Greenbelt building increases five-fold
The number of approved plans for new homes to be built on greenbelt land has increased five-fold since 2010, with estates being built on some of Britain’s most protected land.
The figures, which were obtained by a BBC investigation, found that plans were approved to build 2,258 homes on greenbelt land in the year 2009-10, whereas that figure had risen to 11,977 in 2014-15.
Greenbelt was introduced as a way to protect some of England’s landscape whilst preventing the urbanisation of the countryside.
With increasing pressure on ministers to come up with viable solutions to the UK housing crisis, more efforts are needed in order to tackle the shortage of affordable housing whilst protecting some of the country’s most protected land. Figures suggest that a quarter of a million homes a year are required in order to meet the shortfall.
Ministers insist that planning applications for building is a matter for local authorities and that building on greenbelt sites should only be approved on exceptional grounds. Local authorities however are becoming increasingly desperate to provide suitable land to build on and are increasingly turning to greenbelt as a solution.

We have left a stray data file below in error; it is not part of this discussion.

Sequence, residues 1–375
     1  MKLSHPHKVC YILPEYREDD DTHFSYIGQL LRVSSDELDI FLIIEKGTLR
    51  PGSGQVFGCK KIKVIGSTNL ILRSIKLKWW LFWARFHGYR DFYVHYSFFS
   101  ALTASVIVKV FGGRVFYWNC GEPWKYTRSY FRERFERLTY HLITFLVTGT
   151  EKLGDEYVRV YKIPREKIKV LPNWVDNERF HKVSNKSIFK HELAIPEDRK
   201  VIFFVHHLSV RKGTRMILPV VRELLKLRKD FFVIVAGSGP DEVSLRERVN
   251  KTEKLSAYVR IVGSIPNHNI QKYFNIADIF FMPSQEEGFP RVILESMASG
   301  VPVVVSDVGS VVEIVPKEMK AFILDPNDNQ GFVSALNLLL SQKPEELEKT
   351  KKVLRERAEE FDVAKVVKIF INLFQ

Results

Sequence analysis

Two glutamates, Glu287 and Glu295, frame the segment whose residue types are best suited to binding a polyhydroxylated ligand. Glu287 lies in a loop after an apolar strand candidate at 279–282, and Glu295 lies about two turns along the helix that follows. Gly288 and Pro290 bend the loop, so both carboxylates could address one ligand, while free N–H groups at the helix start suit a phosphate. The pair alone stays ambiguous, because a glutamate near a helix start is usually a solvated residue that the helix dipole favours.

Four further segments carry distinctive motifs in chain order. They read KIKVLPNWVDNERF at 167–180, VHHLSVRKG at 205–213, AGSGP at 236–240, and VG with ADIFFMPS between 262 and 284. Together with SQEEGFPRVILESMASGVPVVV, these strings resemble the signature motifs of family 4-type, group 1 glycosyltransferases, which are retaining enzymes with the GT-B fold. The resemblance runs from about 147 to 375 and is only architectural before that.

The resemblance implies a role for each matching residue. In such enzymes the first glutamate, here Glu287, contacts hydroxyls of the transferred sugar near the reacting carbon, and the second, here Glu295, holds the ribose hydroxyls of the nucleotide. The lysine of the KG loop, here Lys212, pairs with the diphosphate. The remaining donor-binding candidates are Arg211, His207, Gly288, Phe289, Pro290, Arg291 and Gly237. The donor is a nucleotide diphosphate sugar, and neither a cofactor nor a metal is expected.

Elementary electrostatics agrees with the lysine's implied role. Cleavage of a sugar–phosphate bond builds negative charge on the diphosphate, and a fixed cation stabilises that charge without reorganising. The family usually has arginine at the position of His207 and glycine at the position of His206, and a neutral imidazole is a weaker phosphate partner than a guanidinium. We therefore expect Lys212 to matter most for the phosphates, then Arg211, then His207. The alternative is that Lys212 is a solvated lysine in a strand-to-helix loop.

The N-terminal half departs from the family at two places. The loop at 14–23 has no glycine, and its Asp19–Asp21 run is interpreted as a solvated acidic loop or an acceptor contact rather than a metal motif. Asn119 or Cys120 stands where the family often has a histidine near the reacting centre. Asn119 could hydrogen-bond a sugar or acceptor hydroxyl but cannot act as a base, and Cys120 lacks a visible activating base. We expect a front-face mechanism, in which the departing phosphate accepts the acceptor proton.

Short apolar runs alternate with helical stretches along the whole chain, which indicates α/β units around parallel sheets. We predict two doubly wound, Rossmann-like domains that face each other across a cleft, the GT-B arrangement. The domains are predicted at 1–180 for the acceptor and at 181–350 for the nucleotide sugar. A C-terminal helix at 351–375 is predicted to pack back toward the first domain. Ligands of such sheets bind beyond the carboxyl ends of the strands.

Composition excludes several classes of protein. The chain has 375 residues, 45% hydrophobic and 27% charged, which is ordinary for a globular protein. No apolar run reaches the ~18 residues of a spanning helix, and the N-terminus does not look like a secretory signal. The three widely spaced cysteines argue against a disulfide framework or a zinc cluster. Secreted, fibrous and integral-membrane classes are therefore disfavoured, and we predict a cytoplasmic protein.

Housing and planning minister Brandon Lewis told the BBC, “Greenbelt is something that has been there to give a strategic protection to those green lungs.”
“We have outlined what local areas need to do if they want to go through a review of their greenbelt.
“It is very much a matter of those local authorities. They are the best placed people locally, democratically accountable locally, to decide where is the right location for any development.”
In the current greenbelt protection system, Professor Paul Chesire of LSE wrote in a study last year that it was inevitable that some greenbelt would be lost in certain parts of the country – particularly in areas in commutable distance to London.
He told the BBC, “You only need a tiny amount of the least environmentally-attractive greenbelt to solve the housing land shortage for generations to come, whereas Areas of Outstanding Natural Beauty and National Parks do provide huge benefit.”
Image: net_efekt via Flickr
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